Spec Spotlight: Liz Hannah, Writer of “The Post”
The publishing of the Pentagon Papers in 1971 represents a crucial turning point in modern U.S. history. So it’s no surprise that Pascal Pictures was eager to acquire Liz Hannah’s spec script The Post, which explores the Washington Post’s role in exposing the secret Department of Defense study of U.S. involvement in Vietnam. Washington Post publisher Katharine Graham and editor Ben Bradlee fought the government in court for the right to publish the Pentagon Papers in what is now the seminal legal case concerning freedom of the press.
But for Hannah, this monumental event—which paved the way for Watergate—wasn’t the main attraction. She was hooked by the remarkable story of Katharine Graham. ”I really come at every project through characters. I’m not somebody who can look at a plot and figure out all the twists and turns. I’m never going to write Independence Day, although my agents would probably love me to do that. But I come at things through character, and Katharine Graham is an amazing woman and an amazing character for me to explore. And not just her, but Ben Bradlee is also stunning on his own and had his own incredible life.”
Cradle-to-grave biopics, in Hannah’s experience, don’t pack as much power as spotlights on a pivotal window of time in someone’s life. Graham led an incredible life, but publishing the Pentagon Papers was monumental in shaping not only U.S. history, but Graham’s own identity. “She was a woman who had a voice,” marvels Hannah, her voice lighting up whenever she speaks of Graham. “She stepped up and became the kind of person she would be for the rest of her life.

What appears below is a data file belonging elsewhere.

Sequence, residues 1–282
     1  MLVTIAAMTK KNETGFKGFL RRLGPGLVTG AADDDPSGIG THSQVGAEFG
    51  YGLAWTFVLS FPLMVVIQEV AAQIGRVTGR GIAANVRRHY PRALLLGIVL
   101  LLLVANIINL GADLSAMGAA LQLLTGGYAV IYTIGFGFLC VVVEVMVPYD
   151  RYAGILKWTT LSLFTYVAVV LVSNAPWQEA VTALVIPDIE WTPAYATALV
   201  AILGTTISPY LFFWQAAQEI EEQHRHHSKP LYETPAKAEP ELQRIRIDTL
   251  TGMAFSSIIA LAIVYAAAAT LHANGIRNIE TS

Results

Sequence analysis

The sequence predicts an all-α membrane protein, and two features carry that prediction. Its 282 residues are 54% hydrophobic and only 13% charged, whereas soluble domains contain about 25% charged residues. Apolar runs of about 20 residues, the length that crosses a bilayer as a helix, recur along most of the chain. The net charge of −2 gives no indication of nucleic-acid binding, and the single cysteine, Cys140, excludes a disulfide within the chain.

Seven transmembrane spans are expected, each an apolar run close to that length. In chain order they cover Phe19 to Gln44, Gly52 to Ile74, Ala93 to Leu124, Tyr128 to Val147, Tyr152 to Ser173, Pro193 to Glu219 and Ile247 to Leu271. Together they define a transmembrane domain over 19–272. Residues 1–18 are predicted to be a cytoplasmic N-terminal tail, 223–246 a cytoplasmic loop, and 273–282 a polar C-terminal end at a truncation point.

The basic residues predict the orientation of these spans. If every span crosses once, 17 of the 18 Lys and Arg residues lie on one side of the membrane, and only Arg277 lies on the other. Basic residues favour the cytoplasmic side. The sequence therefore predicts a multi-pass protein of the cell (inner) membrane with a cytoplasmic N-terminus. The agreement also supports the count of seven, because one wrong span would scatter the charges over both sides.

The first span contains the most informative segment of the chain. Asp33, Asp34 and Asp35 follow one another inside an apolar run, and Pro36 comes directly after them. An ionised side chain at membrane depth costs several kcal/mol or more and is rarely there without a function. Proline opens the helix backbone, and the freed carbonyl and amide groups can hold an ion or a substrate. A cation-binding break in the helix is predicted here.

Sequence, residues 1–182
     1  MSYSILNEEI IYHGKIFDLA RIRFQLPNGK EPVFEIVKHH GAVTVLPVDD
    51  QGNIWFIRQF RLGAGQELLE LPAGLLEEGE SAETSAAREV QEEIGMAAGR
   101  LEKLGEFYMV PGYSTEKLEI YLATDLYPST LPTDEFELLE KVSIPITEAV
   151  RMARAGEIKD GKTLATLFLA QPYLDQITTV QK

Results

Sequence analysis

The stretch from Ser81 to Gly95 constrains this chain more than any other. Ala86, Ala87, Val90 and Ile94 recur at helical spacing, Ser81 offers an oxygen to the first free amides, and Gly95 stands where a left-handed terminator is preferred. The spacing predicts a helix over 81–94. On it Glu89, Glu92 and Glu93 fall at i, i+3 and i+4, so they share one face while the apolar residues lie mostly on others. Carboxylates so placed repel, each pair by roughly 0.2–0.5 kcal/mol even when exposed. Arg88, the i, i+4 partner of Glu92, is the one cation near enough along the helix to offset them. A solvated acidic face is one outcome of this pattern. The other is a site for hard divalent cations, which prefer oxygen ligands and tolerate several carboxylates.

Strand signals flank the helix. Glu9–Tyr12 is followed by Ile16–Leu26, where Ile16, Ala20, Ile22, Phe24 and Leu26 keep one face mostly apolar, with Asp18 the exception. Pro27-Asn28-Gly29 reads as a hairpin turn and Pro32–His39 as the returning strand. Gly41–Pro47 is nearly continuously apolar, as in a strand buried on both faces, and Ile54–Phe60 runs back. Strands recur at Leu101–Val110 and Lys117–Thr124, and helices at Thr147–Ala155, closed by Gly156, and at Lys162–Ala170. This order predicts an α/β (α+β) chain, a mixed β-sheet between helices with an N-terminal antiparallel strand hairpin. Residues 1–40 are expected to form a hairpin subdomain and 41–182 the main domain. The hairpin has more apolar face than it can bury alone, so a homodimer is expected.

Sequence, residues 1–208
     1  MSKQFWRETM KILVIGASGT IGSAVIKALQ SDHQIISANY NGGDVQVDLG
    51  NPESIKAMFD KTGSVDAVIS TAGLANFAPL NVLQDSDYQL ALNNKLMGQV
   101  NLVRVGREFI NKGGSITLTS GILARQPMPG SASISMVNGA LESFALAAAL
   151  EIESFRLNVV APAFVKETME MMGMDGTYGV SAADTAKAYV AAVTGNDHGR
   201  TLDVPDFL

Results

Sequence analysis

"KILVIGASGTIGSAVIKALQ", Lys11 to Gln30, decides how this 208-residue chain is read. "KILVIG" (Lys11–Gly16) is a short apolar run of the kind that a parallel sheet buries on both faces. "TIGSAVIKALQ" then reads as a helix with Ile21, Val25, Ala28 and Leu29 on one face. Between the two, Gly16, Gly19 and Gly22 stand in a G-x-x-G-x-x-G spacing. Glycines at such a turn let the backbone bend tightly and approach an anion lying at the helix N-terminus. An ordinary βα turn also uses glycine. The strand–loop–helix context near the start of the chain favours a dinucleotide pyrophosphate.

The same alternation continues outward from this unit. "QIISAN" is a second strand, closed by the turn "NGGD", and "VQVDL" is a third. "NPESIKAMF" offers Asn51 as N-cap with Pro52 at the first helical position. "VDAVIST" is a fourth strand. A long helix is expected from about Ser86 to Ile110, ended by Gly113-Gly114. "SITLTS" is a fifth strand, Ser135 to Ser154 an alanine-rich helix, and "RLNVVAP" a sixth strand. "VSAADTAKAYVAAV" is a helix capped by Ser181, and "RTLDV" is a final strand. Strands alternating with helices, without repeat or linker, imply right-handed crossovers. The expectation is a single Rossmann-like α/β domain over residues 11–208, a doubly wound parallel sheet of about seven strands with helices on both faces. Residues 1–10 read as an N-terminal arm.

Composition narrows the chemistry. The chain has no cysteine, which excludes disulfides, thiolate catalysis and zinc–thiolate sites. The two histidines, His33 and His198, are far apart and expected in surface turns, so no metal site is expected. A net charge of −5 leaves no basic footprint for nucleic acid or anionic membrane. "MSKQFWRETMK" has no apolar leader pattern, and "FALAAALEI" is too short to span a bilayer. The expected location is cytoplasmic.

“Really, the movie is not a whistleblower film,” Hannah asserts. “The movie is not about, necessarily, the Pentagon Papers. It’s about this woman and how this event ended up being what changed her.”
Hannah views The Post as a kind of coming-of-age film. “The time that the movie takes place, she’s in her mid-50s, and that time in a woman’s life is really fundamental, regardless of if you’re the head of a newspaper or if you’re a stay-at-home mom. And I think that time in a woman’s life is not talked about a lot.”
As one might expect, an enormous amount of research went into this script. Hannah watched every documentary and read every book and memoir she could get her hands on, including a good portion of the Pentagon Papers’ 7,000 pages. But the development process for The Post was quite different from that of most specs. She pitched her original idea to Star Thrower Entertainment, who then helped develop the concept with her but also gave her plenty of latitude to shape and write the screenplay on her own. The script went out in October and was picked up on Halloween.
“At that point, The Post was out to a couple of studios and was starting to get a buzz. Suddenly people knew what my name was, which, three weeks earlier, nobody had ever heard of me.”